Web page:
In Matthew 20:1–16, the return of the landowner to the marketplace to employ more workers is not explained, and it is traditionally assumed that he returns because of charity by providing wages for the unemployed. He is therefore aware and understands the desperation of the people, which gives him the upper hand to do as he wishes with his money. Alternatively, it is possible that the landowner did not employ enough labourers (owing to inexperience or shrewdness) to do the work that was required to complete a possible important task. The urgency to complete the task could explain why he returns multiple times to the market to employ labourers, thereby each time, proportionally to his need, increasing the value of the people employed. The marginal utility of labour explains that the value of labour probably increased as the day progressed because the task for the day was not yet done. The labourers who worked more hours could therefore ignorantly perceive the generosity of the landowner as unjust because they probably do not have the bigger picture of the project that required completion in mind. Subsequently, the increase in value of labourers who worked fewer hours is an indication of the fairness of the landowner who displays his appreciation through equal wages for all, without discriminating according to the time people worked. This view is supported by Derrett (1974) and Bailey (2008), who argue that the parable is possibly set in the harvest time and that the Sabbath is possibly approaching, which makes the urgency to finish the work very important, and therefore the value of the labour increases. This is corroborated by Van Eck and Kloppenborg (2015:3), who argue that the recurring hiring of more labourers throughout the day aligns with harvest practices described in papyri from Roman Egypt. The vintage period required extra workers (up to 40 per 100 iugera – 25.3 ha) because after picking, the grapes had to be pressed to avoid rotting. Notwithstanding pressure during harvest time, viticulture was the most labour-intensive agricultural activity, requiring 16 permanent workers for 100 iugera (Van Eck & Kloppenborg 2015:4).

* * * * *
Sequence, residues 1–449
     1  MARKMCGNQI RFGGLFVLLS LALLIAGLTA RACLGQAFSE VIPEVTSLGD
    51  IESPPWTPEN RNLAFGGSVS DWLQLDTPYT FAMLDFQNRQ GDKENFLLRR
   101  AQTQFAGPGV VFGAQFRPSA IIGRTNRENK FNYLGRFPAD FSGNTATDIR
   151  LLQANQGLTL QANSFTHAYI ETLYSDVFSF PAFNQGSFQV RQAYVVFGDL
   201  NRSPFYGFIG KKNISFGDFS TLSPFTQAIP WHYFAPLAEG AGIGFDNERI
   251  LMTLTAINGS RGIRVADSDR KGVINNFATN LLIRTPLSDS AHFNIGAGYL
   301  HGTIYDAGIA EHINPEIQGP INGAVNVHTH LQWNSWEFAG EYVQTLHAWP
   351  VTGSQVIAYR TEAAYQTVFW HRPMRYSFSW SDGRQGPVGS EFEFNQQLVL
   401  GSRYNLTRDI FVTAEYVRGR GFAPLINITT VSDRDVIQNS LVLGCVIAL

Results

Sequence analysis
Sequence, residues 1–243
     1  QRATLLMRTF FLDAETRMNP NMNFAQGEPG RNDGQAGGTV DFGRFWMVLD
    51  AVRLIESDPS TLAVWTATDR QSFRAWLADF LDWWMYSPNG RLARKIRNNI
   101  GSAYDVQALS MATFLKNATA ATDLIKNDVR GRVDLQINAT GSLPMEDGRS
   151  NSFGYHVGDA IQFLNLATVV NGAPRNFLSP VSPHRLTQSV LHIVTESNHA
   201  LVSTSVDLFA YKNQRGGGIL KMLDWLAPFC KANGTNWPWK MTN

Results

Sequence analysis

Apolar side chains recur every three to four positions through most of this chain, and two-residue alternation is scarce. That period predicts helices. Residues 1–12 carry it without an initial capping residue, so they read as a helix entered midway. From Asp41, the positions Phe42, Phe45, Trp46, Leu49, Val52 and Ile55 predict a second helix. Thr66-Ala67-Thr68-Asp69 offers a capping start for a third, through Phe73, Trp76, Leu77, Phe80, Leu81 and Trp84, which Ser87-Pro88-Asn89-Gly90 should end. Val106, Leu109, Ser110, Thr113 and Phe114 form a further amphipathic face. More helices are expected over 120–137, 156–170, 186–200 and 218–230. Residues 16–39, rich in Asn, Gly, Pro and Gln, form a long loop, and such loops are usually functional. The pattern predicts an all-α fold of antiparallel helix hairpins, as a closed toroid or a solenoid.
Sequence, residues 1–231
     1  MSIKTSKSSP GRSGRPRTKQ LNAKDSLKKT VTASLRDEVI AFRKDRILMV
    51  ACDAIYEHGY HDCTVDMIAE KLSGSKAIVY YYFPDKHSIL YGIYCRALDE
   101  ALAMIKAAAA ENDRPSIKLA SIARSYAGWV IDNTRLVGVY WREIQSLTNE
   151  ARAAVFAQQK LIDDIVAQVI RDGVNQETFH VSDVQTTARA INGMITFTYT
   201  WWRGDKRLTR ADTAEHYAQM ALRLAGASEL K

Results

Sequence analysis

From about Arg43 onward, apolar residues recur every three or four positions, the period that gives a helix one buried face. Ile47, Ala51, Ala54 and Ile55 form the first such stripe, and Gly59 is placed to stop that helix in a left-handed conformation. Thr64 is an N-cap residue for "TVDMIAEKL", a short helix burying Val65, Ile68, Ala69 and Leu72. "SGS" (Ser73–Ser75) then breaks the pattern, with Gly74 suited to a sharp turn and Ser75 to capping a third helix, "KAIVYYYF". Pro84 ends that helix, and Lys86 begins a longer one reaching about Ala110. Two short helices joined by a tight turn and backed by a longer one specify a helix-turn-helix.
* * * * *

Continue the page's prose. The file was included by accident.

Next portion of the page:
In addition to the new perspectives opened by the subjective theory of value, the agricultural context of the parable is another factor that is important to consider; it may provide insight into the charity of the landowner which the labour theory of value cannot explain. Smith (WN II.v.12) highlights the work of French physiocrats and the benefit of agriculture in the creation of value. The theory is that agriculture has three basic components to create value, namely land, labour and nature. Caton (1985:835) explains that ‘the labor of agriculturists is assisted at every turn by nature. Sun and soil convert seed to corn; livestock convert vegetation to milk and meat’. The land is the basic resource and asset of ownership that may vary in terms of agriculture in soil quality, climate and so forth. Labour assists with the increase of the usefulness of the land (by adding materials such as fertiliser) and production of goods (e.g. harvest of fruit). Finally, there is a mysterious ingredient that is not determined by the labour used to cultivate the land: it is nature itself that assists in the growth and production of goods. Value can be understood as the complex connection between land, climate, biology, chemistry and the fortitude (assuming the absence of pests or disasters such as drought) of growth itself. This adds an extra element to the determination of value that does not require additional capital, material or goods. This increase in value is not reflected in the labour theory of value, which retains the argument that the value of labour is directly linked to the value of goods. This has important implications for the interpretation of Matthew 20:1–16 from the perspective of subjective theory of value and agrarian theory, because it clarifies the charity of the landowner.